Henderson Needs to Learn Forgiveness

Forgiveness.  A word we all have to deal with at sometime in our lives.  It’s such a simple word to pronounce, yet such a hard one to perform.  Through it all, it’s the verb part of the word that means the most to others.

If we could forgive each other, perhaps our society would be a better place.  Amnesty was the basis behind a popular television show in the late 60’s.  It was “Alias Smith and Jones” about a pair of bank robbers in the old west who had to go crime free for one year and the governor would grant them clemency for their crimes.  If only we could do the same for Philadelphia Eagles quarterback Michael Vick.

Vick’s story is a well known one.  He was convicted of dog fighting charges in 2007, spent over two years in prison and lost everything in his subsequent bankruptcy.  He has tried to make amends during his return to the NFL, yet many are unable to pardon him and realize he has paid for his crimes.

Part of his parole was to do various dog shows and speak on the effects of dog fighting in this country.  That he has done, as well as several Public Service Announcements and donations to several animal rights groups.  Still, the opinion to those in Henderson, Nevada is Vick is not rehabilitated.  They have pronounced themselves his judge and jury.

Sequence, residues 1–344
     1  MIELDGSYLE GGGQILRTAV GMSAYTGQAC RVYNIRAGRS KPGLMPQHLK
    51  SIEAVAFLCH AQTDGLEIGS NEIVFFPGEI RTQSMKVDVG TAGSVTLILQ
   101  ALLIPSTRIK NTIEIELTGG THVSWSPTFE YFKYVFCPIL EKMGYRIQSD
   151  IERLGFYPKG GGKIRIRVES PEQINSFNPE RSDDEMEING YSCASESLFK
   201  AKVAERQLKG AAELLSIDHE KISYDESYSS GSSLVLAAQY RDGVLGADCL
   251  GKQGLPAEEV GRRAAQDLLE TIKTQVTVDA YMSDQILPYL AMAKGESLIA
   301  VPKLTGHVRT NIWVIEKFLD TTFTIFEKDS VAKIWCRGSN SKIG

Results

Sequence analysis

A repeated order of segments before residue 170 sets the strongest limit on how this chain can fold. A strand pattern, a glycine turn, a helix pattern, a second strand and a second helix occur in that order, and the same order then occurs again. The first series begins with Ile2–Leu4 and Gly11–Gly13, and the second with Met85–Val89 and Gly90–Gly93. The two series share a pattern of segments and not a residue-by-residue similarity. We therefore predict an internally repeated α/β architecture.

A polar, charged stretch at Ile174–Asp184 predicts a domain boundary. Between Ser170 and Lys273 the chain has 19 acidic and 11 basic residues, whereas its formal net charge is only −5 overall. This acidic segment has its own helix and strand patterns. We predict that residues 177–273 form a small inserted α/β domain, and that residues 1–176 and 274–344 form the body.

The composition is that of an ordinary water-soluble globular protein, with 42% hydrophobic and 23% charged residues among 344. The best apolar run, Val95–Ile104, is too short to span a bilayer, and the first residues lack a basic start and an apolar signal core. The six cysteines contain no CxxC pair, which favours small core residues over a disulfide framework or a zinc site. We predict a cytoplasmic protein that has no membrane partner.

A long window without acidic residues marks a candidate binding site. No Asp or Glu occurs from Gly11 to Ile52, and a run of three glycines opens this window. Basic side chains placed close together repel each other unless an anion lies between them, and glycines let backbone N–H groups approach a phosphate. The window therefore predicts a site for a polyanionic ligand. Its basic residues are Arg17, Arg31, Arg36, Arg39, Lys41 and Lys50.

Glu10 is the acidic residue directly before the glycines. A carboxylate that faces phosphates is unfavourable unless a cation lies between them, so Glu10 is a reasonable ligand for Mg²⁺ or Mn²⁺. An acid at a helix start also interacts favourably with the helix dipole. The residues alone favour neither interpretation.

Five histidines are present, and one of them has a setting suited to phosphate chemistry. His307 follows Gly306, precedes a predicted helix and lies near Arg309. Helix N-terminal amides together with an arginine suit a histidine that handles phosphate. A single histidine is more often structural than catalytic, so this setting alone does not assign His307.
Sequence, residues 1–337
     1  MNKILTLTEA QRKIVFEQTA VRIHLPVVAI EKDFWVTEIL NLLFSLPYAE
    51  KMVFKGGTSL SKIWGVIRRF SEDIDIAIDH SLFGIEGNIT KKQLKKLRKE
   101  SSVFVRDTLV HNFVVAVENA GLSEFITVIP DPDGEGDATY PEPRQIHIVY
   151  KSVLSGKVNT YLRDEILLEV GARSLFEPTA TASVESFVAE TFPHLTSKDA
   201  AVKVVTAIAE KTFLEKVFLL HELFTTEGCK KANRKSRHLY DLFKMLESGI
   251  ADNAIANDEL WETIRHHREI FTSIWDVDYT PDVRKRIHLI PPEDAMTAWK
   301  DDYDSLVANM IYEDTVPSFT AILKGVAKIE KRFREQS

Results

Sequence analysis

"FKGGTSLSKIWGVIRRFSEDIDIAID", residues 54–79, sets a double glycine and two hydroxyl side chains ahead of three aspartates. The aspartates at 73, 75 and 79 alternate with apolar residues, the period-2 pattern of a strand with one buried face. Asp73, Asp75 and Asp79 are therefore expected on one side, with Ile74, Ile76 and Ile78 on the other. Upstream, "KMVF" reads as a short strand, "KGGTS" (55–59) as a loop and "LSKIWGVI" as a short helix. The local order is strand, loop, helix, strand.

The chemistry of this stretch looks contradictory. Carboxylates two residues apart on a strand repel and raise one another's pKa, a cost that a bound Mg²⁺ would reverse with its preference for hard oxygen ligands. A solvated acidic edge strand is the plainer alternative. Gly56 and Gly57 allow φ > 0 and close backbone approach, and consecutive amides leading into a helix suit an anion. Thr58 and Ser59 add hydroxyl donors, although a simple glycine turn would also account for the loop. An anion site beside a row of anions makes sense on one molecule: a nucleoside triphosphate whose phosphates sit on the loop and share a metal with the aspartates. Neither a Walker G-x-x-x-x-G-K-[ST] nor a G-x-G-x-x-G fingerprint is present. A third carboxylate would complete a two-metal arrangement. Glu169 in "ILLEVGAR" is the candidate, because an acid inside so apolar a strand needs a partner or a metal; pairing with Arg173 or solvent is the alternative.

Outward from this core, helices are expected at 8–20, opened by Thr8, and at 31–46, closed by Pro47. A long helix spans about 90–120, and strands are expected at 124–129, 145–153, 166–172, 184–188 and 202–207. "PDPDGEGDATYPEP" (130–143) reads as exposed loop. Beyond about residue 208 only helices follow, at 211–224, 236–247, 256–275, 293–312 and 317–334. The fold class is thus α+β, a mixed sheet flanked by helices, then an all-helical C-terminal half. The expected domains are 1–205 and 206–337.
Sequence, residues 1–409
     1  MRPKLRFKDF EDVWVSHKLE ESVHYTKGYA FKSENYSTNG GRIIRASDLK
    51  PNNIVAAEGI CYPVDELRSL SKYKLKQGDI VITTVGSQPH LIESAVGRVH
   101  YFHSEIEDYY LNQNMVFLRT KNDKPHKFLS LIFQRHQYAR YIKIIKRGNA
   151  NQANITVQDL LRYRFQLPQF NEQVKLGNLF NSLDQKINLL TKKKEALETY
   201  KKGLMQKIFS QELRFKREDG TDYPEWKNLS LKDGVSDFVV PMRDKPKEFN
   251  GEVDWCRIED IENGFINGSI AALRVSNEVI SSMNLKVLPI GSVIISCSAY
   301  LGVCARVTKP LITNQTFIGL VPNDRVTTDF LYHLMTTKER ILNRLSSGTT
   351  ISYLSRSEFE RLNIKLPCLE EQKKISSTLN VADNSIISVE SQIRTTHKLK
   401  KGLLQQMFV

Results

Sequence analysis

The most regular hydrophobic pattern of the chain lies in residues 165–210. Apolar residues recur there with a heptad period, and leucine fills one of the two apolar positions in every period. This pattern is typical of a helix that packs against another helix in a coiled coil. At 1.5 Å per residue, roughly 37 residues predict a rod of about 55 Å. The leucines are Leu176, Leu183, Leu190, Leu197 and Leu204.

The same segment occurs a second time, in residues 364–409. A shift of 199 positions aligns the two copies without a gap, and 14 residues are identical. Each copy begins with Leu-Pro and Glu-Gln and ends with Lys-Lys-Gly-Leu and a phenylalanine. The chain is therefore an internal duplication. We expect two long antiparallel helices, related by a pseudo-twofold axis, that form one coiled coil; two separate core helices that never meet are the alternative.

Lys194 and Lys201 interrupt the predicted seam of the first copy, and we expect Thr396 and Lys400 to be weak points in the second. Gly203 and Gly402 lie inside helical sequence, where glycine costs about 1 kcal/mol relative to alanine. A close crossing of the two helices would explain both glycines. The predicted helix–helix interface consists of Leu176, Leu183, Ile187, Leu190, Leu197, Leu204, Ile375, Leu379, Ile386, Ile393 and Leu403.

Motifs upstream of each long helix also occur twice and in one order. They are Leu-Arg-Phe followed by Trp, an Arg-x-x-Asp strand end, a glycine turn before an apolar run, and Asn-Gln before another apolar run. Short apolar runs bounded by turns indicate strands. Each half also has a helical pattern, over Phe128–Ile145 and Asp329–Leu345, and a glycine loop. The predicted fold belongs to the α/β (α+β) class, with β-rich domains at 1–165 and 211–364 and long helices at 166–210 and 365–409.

It’s hard to believe but many there have a lot of time on their hands.  So much time they can torment a popular car dealership in town for simply having Vick there to sign autographs and have his picture taken with fans.

The fans, or protesters might be a better term, bombarded the dealerships web site promoting Vick’s appearance.  Those protests forced a shutdown of the promotional page.  Angry comments started flying in once pictures of Vick hit the website.  One commenter described Vick as a “dog killer,” while another threatened to beat him up.  One wonders who the President of the Community Welcoming Committee is and how much influence they have.

Several fans stated they would boycott the dealership for sponsoring Vick for promotional and charity events.

“We’re just trying to do something right for the kids and people just forget about that,” said Stephanie Bernas, marketing manager and social media director for the dealership.

Not only that, but these people are forgetting the last time they were forgiven for anything they have done in their life.  They are forgetting the last time they forgave their children, brothers, sisters.  Forgiveness is a gift we give to others who have wronged us in our minds.

Chances are Vick never hurt these people.  Except for the dogs he hurt and killed, Vick didn’t hurt people.  He is spending his days making amends for his crimes.  He went to jail, served his time and has paid his price to society.

It’s time others start to understand that.

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